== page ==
Why Developers Never Use State Machines

A few months ago I saw a great little blog post about state machines on the Shopify blog. The message was that state machines are great and developers should use them more – given my recent experiences with state machines at CrowdHired, I could certainly agree with that. But it got me thinking, how many times in my developer career have I actually used a state machine (either separate library or even hand-rolled abstraction)? The answer is zero times – which surprised the hell out of me since state machines really are very useful. So I decided to engage in a bit of introspection and figure out why we tend to manage our "state" and "status" fields in an ad-hoc fashion rather than doing what is clearly called for.

We Don't Need One Until We Do

The problem is that you almost never create an object fully formed with all the behaviour it is ever going to need, rather you build it up over time. The same is true for the "states" that a state machine candidate object can be in. So, early on you don't feel like your objects' state machine behaviour is complex enough to warrant a "full-blown" state machine (YAGNI and all that jazz), but later on – when it IS complex enough – you feel like you've invested too much time/effort to replace it with something that has equivalent functionality. It's a bit of a catch-22. It's overkill and by the time it's not, it's too late.

Does YAGNI Mean You Ignore The Obvious

StupidYou’ve probably heard of the YAGNI principle, it stands for (You Ain’t Gonna Need It). Essentially it is meant as a mantra for developers to prevent us from anticipating functionality and building things before we know that they are actually necessary. You can think of it as an Agile principle or an unspoken (or sometimes vociferously spoken :)) rule if you like. Regardless, it can sometimes be a good idea to keep this principle in mind and measure much of what you do as a developer against it to make sure you’re not building a ‘mountain’ when a ‘mole hill’ will do just fine.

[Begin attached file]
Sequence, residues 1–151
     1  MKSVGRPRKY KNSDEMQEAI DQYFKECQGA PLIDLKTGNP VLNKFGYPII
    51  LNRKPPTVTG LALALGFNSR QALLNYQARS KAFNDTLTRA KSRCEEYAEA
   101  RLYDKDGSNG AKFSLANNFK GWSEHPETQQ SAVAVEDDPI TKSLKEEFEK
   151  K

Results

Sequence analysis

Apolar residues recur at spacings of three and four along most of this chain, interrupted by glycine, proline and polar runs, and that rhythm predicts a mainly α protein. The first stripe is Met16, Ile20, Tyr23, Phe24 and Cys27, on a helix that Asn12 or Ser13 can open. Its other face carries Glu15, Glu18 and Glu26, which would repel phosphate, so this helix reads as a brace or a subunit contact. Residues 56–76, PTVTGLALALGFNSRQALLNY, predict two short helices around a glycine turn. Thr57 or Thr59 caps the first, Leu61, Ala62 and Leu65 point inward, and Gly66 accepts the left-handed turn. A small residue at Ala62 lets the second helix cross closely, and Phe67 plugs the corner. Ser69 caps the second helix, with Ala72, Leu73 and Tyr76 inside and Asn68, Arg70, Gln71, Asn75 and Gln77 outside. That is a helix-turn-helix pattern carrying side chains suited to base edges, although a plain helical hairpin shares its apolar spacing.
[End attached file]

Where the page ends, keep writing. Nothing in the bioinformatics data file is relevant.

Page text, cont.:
I like the idea of YAGNI and often try to apply it to what I do, but just like any principle that has been around for a while I have seen the message (or the idea behind the principle) be diluted to the point where some people start to use it without thinking and without understanding what it is all about.

Applying YAGNI Without Thinking

You know you’re applying YAGNI without thinking when it becomes the first and only yardstick for anything you do as a software developer. Implement a pattern? No way – YAGNI, a simple loop will do. Use a utility library? What for – YAGNI, it’s just one simple method, we can roll our own. How about building in more automation around our deployment process? Bah – YAGNI, we only do this once every 3 months, we can do without.

Don’t get me wrong I am not advocating always using patterns, or libraries, or automating without thought. What I am trying to say is, you can’t unilaterally apply YAGNI to everything without considering the larger context. If I do use a pattern here, will it make my code more readable, maintainable, testable, if the answer is yes then perhaps the pattern is a good idea. The point is, YAGNI in and of itself is not an objective it is just a practice, a tool. No matter what task you do you should always be aiming to make the system easier to understand and easier to use, more testable and maintainable, cleaner and more robust. If that means writing a little bit more code and putting in a little bit more thought, then YAGNI will just have to deal with it.

The Ideas Behind YAGNI

To give it even more context, applying YAGNI to everything you do is a recipe for a dish of spaghetti code. In my opinion the two main ideas you need to consider before reaching for the YAGNI stick are:

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